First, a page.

UML Brand Division: Prachanda’s successful experiment
The ongoing debate in leftist political circles is if the CPN underwent a divide or the UML split into two. Many had speculated that the UML would break apart if the CPN splits, but it seems that the current Maoist line shall remain united under Prachanda’s leadership.
Prachanda-supporting leaders right from the People’s Movement like Ram Bahadur Thapa Badal, Top Bahadur Rayamajhi, Mani Thapa, Lekhraj Bhatta, Prabhu Sah and Dawa Tamang moved towards the Oli faction just as the CPN underwent an official divide, and it appeared that the Maoist Party had also broken.
Even though the Maoists also apparently split, it would not be wrong to say that the political party with the most organized structure from the bottom to the top – the UML, has broken at its very core. The UML, which has the most organized and bureaucratic structure in Nepal and has established enviable relations with the public, has split.
The agreement reached between the present UML and the Maoists for the sake of power has been branded as party unification. In essence, the said agreement influenced by two power-hungry party leaders was wrong in itself. In order to be a political party, ideas and ideologies are required. No political ideology was nestled in the given unification and it was like a merger between two companies, that too without regard to profit, loss, contributions and history.
In the illusion of being empowered by this unification, Chairman KP Sharma Oli said, “You can not distinguish waters in the ocean by the rivers they come from”. Referring to the two chairmen within the same party, he said, “It is natural to have two pilots in a jet plane.” Prachanda agreed with Oli, and added to his words.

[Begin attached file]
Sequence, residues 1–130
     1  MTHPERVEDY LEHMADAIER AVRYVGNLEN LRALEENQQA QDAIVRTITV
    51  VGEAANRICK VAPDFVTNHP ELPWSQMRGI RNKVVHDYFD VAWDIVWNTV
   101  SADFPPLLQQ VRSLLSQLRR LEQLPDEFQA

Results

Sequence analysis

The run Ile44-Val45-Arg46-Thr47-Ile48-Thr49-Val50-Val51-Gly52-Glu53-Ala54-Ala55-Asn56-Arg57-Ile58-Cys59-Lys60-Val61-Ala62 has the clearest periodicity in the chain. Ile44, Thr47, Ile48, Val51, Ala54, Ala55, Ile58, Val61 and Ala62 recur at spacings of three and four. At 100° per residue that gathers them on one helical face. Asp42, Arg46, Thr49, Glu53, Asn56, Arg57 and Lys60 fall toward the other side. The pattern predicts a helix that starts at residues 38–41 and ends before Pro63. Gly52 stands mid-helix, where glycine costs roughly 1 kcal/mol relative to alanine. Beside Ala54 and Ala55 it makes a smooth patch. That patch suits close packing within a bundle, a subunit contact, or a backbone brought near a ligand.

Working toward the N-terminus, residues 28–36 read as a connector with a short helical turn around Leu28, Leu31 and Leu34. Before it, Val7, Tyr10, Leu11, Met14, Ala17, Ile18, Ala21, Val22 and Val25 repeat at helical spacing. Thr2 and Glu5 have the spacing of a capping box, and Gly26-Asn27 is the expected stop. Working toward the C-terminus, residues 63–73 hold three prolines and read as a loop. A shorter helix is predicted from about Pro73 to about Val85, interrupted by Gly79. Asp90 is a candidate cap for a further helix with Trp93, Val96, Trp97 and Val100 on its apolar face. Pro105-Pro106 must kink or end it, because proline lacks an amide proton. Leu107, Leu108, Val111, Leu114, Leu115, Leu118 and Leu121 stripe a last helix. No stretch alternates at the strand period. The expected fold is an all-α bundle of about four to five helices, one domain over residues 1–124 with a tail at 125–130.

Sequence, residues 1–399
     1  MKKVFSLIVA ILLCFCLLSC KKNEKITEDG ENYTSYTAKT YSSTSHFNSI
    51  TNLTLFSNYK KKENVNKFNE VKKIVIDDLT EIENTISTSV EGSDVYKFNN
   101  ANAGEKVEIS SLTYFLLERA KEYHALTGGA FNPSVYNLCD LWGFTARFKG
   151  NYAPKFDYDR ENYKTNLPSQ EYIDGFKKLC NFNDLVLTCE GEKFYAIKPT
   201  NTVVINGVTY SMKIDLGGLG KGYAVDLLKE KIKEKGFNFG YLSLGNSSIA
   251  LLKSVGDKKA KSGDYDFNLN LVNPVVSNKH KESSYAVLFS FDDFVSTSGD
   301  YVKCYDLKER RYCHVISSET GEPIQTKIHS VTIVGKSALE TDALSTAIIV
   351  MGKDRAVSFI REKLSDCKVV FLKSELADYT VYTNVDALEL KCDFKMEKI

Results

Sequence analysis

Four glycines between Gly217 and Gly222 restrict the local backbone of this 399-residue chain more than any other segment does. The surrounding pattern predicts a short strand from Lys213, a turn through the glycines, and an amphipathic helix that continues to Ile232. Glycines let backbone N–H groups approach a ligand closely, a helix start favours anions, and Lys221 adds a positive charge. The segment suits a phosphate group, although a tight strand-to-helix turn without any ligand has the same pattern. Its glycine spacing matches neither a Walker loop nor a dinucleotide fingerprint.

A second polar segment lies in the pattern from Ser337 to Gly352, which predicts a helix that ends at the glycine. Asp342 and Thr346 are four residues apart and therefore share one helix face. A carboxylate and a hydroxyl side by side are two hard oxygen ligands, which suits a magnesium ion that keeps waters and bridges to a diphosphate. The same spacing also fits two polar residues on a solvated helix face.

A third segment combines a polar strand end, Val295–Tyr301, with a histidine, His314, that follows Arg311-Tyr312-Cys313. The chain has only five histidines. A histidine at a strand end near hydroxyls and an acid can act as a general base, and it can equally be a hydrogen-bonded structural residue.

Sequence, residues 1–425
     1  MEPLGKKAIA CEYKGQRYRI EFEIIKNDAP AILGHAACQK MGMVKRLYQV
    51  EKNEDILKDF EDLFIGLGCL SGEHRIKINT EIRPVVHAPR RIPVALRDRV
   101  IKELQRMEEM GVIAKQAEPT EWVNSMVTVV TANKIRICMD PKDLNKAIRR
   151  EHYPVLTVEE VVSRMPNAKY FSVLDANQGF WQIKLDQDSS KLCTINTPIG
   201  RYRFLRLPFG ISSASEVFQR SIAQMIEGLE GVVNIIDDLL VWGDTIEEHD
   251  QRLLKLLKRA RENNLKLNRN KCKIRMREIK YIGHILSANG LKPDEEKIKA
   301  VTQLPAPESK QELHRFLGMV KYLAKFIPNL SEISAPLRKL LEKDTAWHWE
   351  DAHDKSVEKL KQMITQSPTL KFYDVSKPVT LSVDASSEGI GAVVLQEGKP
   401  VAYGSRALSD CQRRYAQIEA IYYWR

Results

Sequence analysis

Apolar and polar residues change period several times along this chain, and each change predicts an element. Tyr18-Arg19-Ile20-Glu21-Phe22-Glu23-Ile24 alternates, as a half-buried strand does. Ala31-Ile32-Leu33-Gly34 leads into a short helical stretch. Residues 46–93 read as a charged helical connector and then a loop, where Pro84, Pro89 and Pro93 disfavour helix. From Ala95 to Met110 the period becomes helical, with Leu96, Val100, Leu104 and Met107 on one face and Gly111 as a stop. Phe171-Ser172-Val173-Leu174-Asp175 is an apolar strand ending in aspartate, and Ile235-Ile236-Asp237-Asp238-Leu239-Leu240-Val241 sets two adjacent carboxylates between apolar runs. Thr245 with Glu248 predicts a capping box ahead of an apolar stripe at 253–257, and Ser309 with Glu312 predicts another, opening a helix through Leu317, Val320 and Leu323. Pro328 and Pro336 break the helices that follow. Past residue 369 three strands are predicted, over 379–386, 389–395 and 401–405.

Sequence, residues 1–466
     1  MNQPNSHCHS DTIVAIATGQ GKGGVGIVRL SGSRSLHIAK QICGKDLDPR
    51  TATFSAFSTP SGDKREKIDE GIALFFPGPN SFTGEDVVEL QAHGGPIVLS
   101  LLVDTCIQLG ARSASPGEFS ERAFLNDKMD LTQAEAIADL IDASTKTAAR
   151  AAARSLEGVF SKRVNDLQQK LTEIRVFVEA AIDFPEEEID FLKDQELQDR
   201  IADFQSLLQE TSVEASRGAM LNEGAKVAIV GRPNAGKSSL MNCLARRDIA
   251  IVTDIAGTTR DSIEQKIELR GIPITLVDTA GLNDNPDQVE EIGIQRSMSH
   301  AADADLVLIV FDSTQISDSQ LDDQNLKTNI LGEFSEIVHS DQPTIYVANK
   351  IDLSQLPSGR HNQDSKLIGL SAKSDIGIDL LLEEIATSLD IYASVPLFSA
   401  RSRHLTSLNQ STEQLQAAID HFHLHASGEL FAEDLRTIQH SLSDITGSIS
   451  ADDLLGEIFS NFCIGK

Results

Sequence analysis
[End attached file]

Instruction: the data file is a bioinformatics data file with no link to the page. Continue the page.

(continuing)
However, as it looked like they had come to an agreement, ulterior motives had already started coming into play. The phenomenon of bringing each other down had begun, as the dramatic unity was heavily based on the overambitious play for power as both leaders were influenced by personal avarice.
Joining the UML was a golden opportunity for Prachanda, who could not win the election from any constituency in the country. After becoming the largest political party in 2064 after initiating a war that lasted for 10 years, the Maoists have now reached their all-time low.
Prachanda sought support from the UML once he was convinced that he would be swept off the entire country, and became an obstacle to Oli to gain the majority vote in order to become the Prime Minister as despite the local level elections considered UML to be a large political party, Maoists’ assistance was required to gain the majority vote. Hence, Oli and Prachanda, with their mutual hunger for power, staged a ‘surprise unification’ by misleading other leaders and activists.